I could feel the heat rising in my face before I’d even finished reading the email. After nearly two years as a ClassPass customer, I couldn’t believe that the service I loved was asking me to pay an amount I never dreamed I would spend on fitness—and one that would handily cover my monthly membership to the kind of fancy gym I associated with people who’d truly made it in life. So I put in my cancellation.
And it cost me more than I ever could have imagined.
Before I joined ClassPass in 2014, my fitness M.O. was simple: I paid the bare minimum at a basic gym, and every holiday/birthday/parental visit, I begged for 10-class cards and gift certificates to the kind of boutique fitness studios I loved. I was obsessed with barre classes, hooked on indoor cycling studios, infatuated with bootcamp, so ClassPass was nothing short of a revelation. All the classes I ever dreamed of, for $99 a month? How could it be?! I dove in headfirst and got into the best shape of my life, telling my friends, coworkers and literal strangers on the street about my new find.
Did it seem a little too good to be true? Sure.
I’ve written about luxury products my whole career, and I know when something is underpriced. The $30 classes I’d been paying for hadn’t magically become free, but I was happy not to think about it…until the price hike made me think this maybe wasn’t such a good deal anymore.
After all, in the two years I’d been using ClassPass, I’d fallen into a rut.
I hit the same two yoga studios at the beginning and end of the week, slept through dance cardio classes I somehow convinced myself I might enjoy at least once a week and punched out my frustrations at boxing every Wednesday, and that was it. I was spending as much on late-cancel fees as I was on membership, as I let my day job take priority over my health, and in my burned-out, exhausted state, I decided it was time to indulge.
So, I joined the luxury gym. You know the one. The rooftop pool, the designer bath products in the shower, the piles of fluffy towels, one treadmill after another packed with the kind of ultra-fit, hypercompetitive people I aspired to be. “It’s not like they don’t have classes here,” I told myself. “You can go to class every morning just like you used to, and on days when you’re not feeling like class you can just hit the elliptical and at least do a little cardio!”
It was the perfect back-up plan, and I couldn’t wait to get started. I eased into membership with a totally solid mat Pilates class, and a free session with a personal trainer. On day 3, I laced up my sneakers and hopped on the treadmill, and the minute my feet hit the rubber, I remembered something:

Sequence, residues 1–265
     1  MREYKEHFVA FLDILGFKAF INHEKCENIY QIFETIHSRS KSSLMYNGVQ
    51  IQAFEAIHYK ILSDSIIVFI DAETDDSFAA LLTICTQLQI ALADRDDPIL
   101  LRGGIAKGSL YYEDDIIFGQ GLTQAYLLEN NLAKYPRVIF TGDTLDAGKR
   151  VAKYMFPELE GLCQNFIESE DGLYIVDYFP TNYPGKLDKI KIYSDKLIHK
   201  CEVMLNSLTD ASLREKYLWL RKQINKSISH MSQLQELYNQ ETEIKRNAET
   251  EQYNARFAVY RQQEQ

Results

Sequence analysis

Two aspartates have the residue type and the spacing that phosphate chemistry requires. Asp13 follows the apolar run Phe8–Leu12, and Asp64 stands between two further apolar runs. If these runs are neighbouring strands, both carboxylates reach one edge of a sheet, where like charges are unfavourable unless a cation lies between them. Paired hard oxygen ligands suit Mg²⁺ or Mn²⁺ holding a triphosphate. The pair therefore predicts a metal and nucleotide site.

“Oh no,” I thought. “I’ve always hated this.”
And over the next year, I watched my perfect plan fall completely apart. Sure, I made it to a few yoga classes, and lounging by the pool in summertime was a delightful (but not, you know, a workout) experience, but I went from exercising nearly every day to exercising barely once a week. I gained around 20 pounds and lost muscle faster than I even realized was possible, which made burning off the extra weight that much harder. I simply couldn’t exercise as hard or as long as I could before now that I was heavier, and I was trapped in a vicious cycle that made me even more frustrated than I was before. I’d indulged, all right—and now I was paying for it in a way I’d never anticipated.
In my frustration, I’d overlooked the most important factor in creating a fitness routine: You have to find a workout that you look forward to doing, and I’ve never looked forward to going to the gym.
It was in studio classes where I found my passion for fitness, with instructors who gave me the personal attention I needed to improve, the motivation to push myself further each time, and the kind of variety I’ve always needed to successfully cross-train my body. My mother always taught me, when considering a purchase, to remember that “it’s only a bargain if you’re getting something you want.” In addition to preventing me from picking up some seriously ill-advised crop tops off the sale rack, that advice also reassured me that spending a smaller amount of money on something you don’t really like or won’t use is more of a waste than spending a larger amount of money on something you’ll love and use all the time.
So this month, after my yearlong contract was up, I came back to ClassPass.
I practically skipped in the door of one of the first studios I ever fell in love with, and when I looked in the mirror, I saw myself again. I know the next phase of my journey is just beginning, but I’m taking some valuable lessons from my breakup with ClassPass with me back into the studio. I’ve learned that anyone can compare prices, but it takes some real self-knowledge to identify real value, and to admit that you may need a certain kind of structure or guidance to thrive.
For me, personally, I also learned that I can’t put a price on health.
With diabetes, arthritis and osteoporosis in my family history, working out while I’m young isn’t just about being thinner or fitter. It’s about making an investment in my body that will pay off far into the future, and as long as I can objectively afford to do the workouts I love, I’ll do them, because it’s way cheaper than the costs of not doing them down the line.
And lastly, I learned that in fitness, as in life, you get out what you put into it.
ClassPass was always designed to help you discover new classes, and I have no one blame for falling into a rut but myself. It turns out I’ve also come back to a new-and-improved ClassPass service that lets me plan workouts with friends, try more more studios than ever, take classes in other cities when I travel for work or play, and yes, even book an hour at the gym if I ever feel like just hitting the treadmill.
So whether I’m in the gym or at the studio, I have ClassPass to thank for getting my butt in gear again!